The study enrolled patients with recurrent ovarian high-grade serous or grade 3 endometrioid carcinoma who had relapsed following at least one line of platinum-based chemotherapy. Other histological subtypes were only allowed in patients with known deleterious germline BRCA1 or BRCA2 mutations. All patients had to have disease amenable either to image-guided or other interventional (e.g., endoscopy, bronchoscopy) biopsy, or secondary debulking surgery. Samples obtained at secondary debulking or other interventions were jointly classified as ‘surgical’ biopsies. Access to archival diagnostic formalin-fixed was also required, as well as snap frozen tumour material if available. Overall survival was calculated from the date of enrolment to the date of death or the last clinical assessment, with data cutoff at 1 December 2016. Full inclusion and exclusion criteria are listed in Supplementary Material 2.

Patients underwent biopsy (at least two cores, 14–16 G biopsy needle) or secondary debulking surgery, with tumour samples fixed in methanol (TissueTek Xpress, Sakura Finetek, Torrance, CA, USA) (Piskorz et al, 2016). If 14–16 G cores were felt not to be appropriate (e.g., due to site of disease), three 18 G cores were taken instead. For patients undergoing secondary debulking or other interventional biopsies, 14–16 G cores or a 1 cm3 piece of macroscopically identified tumour tissue were taken. Retrospective registration was allowed only following consultation with the Chief Investigator. All samples were shipped within 24 h at ambient temperature to the University of Glasgow for processing.

All treatment following study entry was at the discretion of the treating oncologist. Patients optionally also consented to a further biopsy at subsequent progression.

Sample processing, DNA extraction and quantification

A detailed laboratory manual was provided to all study sites. After fixation, tumour samples were processed in a ThermoExcelsior Tissue Processor using optimised protocols (Piskorz et al, 2016). Tumour cellularity was determined on H&E staining by a pathologist with expertise in gynaecological pathology as the percentage of tumour cells in areas selected for dissection. Up to forty 10 μm tissue sections per block were macro- or microdissected. DNA was extracted using QIAmp DNA Micro Kit (Qiagen, Manchester, UK). Quantification was performed by Qubit 2.0 fluorimeter (Life Technologies, Paisley, UK) using dsDNA BR Assay.

Tagged-amplicon sequencing

The coding regions of TP53, PTEN and hotspot regions in EGFR, PIK3CA, KRAS and BRAF were sequenced by tagged-amplicon sequencing (Forshew et al, 2012) on the MiSeq Sequencing System (Illumina, Cambridge, UK) using paired-end 125 bp protocols. Sequencing data analysis was performed as previously (Piskorz et al, 2016).

Statistical analyses

All statistical analyses were performed in Prism for Mac v.6 (GraphPad, La Jolla, CA, USA) and R (v.3.3.2). Adverse event (AE) rates were compared using Pearson’s χ2-test, while DNA yields were compared using Wilcoxon rank sum test. All tests were two-sided and P<0.05 was considered significant. A complete R markdown document detailing all analyses is provided as Supplementary Material 8.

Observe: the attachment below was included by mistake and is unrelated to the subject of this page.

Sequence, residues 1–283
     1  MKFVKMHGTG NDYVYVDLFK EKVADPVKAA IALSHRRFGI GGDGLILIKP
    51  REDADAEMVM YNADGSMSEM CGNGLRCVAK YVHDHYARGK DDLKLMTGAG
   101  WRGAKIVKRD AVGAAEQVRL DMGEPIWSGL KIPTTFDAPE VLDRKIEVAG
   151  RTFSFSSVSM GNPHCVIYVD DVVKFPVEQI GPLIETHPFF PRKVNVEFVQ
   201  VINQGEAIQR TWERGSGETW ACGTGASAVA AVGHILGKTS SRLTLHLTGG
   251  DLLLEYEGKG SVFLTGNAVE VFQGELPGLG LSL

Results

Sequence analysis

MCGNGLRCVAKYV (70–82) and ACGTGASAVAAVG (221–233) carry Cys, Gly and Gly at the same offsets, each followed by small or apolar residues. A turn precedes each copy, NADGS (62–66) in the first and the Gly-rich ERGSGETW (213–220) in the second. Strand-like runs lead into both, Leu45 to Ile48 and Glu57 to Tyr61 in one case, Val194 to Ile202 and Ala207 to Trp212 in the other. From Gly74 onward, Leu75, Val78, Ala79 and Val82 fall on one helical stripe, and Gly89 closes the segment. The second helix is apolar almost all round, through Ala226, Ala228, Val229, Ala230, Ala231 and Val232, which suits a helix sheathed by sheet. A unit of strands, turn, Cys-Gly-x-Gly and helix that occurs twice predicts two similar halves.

Patients and recruitment

Recruitment started on 4 January 2013 and involved 14 UK centres. Figure 1 summarises the recruitment and sample numbers. A total of 519 patients were screened (Figure 1A). One hundred and eighty-two patients were ineligible and 117 declined to participate. The most frequent cause of ineligibility was disease deemed not suitable for image-guided biopsy by expert radiologists. Supplementary Material 3 lists all reasons for ineligibility and for declining participation.

Figure 1

Trial profile.(A) Flow of patients and samples in the BriTROC-1 study. *Patients undergoing other interventional biopsies are classified as ‘surgical’. (B) Sample flow from the first 157 patients (B). **Two samples with <200 ng DNA were still sufficient for tagged amplicon sequencing analysis.

Table 1 summarises the clinical characteristics of the 220 enrolled patients, of whom 198 (90%) were registered prospectively and 22 (10%) retrospectively. The median number of prior chemotherapy lines was 1 (range 1–5) for platinum-sensitive patients and 2 (range 1–12) for platinum-resistant (Supplementary Material 4), and 17 patients (7.7%) had received prior bevacizumab. Median overall survival from study entry was 13.4 months for the platinum-resistant patients and 34.9 months for platinum-sensitive patients (Glasgow and Edinburgh patients, n=68; Supplementary Material 5).

Table 1 Demographic and disease characteristics


Eighteen of the 220 (8.2%) consented patients did not complete study-entry biopsy, most commonly because disease was found to be unsuitable for biopsy during the procedure. Therefore, 202 patients completed study-entry biopsy procedure, including 118 image-guided biopsies, yielding a total of 216 relapse tumour samples. Eleven patients also underwent a second biopsy procedure (seven image-guided) upon subsequent progression, including one patient whose study entry biopsy had been unsuccessful. Thus, a total of 227 tumour samples were collected. Reflecting the pattern of spread of HGSC, these samples were obtained from multiple different anatomical locations (Table 2). The commonest sites were lymph node (64 samples), peritoneum (53 samples), omentum (26 samples) and liver (17 samples). Out of the 125 image-guided biopsy procedures (118 at study entry, 7 at second biopsy), needle size information was available for 120: 17/120 (14.2%) used 14 G needles, 49 (40.8%) 16 G and 54 (45.0%) 18 G.

Table 2 Biopsy locations by sample